BOONE, N.C. — Each Memorial Day weekend, Appalachian State University commemorates those who died while serving in the U.S. military with a wreath laying at the Veterans Memorial on the Boone campus. The memorial, located next to the B.B. Dougherty Administration Building, honors App State students, faculty and staff who died while in service.
This year, App State Chancellor Sheri Everts selected Marine Corps veteran and App State assistant professor Dr. Seth Grooms, who teaches in the Department of Anthropology, to lay the wreath.
“This means a lot, but this is certainly not about celebrating me. It’s about remembering folks who died serving this country,” said Grooms. “We’ll always have Veterans Day for people to appreciate what living veterans did, but on this day, we need to push ourselves to remember the ones who aren’t here anymore.”
Grooms joined the Marine Corps as an 18-year-old immediately after graduating from high school, serving from 2007 to 2011.
“I was in seventh grade science class on 9/11, and that was definitely a life-altering experience for me,” said Grooms. “I was huddled up with a group of five or six friends during that class, and counting me, I think four of us ended up joining the Marines and serving in Iraq and Afghanistan.”
Grooms was an engineer with a motor transport platoon in the Marine Corps, serving with the 2nd Radio Battalion based out of Camp Lejeune in North Carolina. He was deployed to Fallujah in Iraq’s Anbar province, in support of Operation Iraqi Freedom, and achieved the rank of corporal during his service time.
“It may not have always felt like it at the time, but the Marine Corps was a great experience,” said Grooms. “I learned a lot about responsibility and was put into leadership roles at an early age. My appreciation only continues to grow for that chapter of my life, and even though it was only four years, the core of my identity always starts with being a Marine.”
Grooms has strong family ties to the Marine Corps. His father, Bo Grooms, enlisted with the Marines during the Vietnam War, and many of his uncles served as Marines as well.
“I guess service in the Marine Corps kind of runs in the family,” said Grooms.
Grooms currently resides in Banner Elk. He grew up in Rockingham as a member of the Lumbee Tribe of North Carolina. His upbringing led to his love of Native American history and his completion of a bachelor’s degree in anthropology from the University of North Carolina at Charlotte and master’s and doctoral degrees in anthropology from Washington University in St. Louis, Missouri.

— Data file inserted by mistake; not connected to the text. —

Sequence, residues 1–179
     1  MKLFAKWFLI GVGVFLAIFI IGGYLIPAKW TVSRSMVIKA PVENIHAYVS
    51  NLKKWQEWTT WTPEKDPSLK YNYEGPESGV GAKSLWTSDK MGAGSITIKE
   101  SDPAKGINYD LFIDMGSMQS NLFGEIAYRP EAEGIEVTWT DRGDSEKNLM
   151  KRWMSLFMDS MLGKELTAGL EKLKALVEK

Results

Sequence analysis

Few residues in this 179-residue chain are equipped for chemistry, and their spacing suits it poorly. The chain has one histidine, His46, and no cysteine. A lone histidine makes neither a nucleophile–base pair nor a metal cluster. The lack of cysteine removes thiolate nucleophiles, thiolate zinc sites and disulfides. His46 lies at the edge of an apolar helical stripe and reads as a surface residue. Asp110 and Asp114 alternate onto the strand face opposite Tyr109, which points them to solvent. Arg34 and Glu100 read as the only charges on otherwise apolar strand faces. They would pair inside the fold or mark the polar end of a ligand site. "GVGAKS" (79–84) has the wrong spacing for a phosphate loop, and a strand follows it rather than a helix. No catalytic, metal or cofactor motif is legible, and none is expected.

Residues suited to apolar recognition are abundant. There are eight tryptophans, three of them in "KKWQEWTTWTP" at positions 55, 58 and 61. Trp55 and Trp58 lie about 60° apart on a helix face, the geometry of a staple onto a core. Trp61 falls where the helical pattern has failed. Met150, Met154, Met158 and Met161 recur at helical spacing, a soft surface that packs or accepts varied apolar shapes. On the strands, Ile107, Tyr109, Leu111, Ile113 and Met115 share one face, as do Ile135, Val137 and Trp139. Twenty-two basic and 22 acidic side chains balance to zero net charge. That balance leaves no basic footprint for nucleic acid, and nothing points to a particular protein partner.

Grooms joined the App State faculty in January, which he describes as his “dream job.”
Remembering the fallen
This Memorial Day, Grooms remembers two fellow Marines who were killed in action while serving in Afghanistan, both of whom exemplify the Marine Corps’ fighting spirit, he said.
Sgt. Wade Wilson
Sgt. Wade Wilson, of Centerville, Texas, served with the 2nd Battalion, 5th Marines out of Camp Pendleton, California, in support of Operation Enduring Freedom in Afghanistan. He was participating in his third deployment as a platoon sergeant when he was killed in action on May 11, 2012.
Wilson was providing security for his vehicle after it was damaged by an improvised explosive device, according to information from the U.S. Marine Corps. While the vehicle was down, an insurgent opened fire at him and four of his fellow Marines. Wilson immediately drew his pistol, leaving the safety of his armored vehicle to charge at the shooter. He sustained multiple gunshot wounds and continued to move against the enemy until he was mortally wounded. His heroic actions forced the insurgent to retreat, saving the lives of his friends. For his bravery, Wilson was posthumously awarded the Silver Star.
Wilson joined the Marine Corps immediately after high school. He was 22 years old when he died. Wilson is remembered as an exemplary leader, known to rally his Marines by reminding them that “war is hard.” The phrase is etched in his tombstone.
Sgt. Lucas Pyeatt
Sgt. Lucas Pyeatt, of West Chester Township, Ohio, served with the Marine Corps’ 2nd Radio Battalion in support of Operation Enduring Freedom in Afghanistan. As a cryptologic linguist, Pyeatt’s responsibility was to monitor and translate data to detect and locate possible threats.
According to information from the U.S. Marine Corps, Pyeatt was killed by an improvised explosive device blast while conducting a foot patrol on Feb. 5, 2011 — making him the only cryptologic linguist to be killed in action in Afghanistan. He was 24 years old. He was posthumously promoted to the rank of sergeant and awarded the Purple Heart.
Pyeatt was a college student when he decided to join the Marines. He left school to step into service after he found out one of his childhood friends who had joined the military had been killed in action.
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About Appalachian State University
As the premier public undergraduate institution in the Southeast, Appalachian State University prepares students to lead purposeful lives as global citizens who understand and engage their responsibilities in creating a sustainable future for all. The Appalachian Experience promotes a spirit of inclusion that brings people together in inspiring ways to acquire and create knowledge, to grow holistically, to act with passion and determination, and to embrace diversity and difference. Located in the Blue Ridge Mountains, Appalachian is one of 17 campuses in the University of North Carolina System. Appalachian enrolls nearly 21,000 students, has a low student-to-faculty ratio and offers more than 150 undergraduate and graduate majors.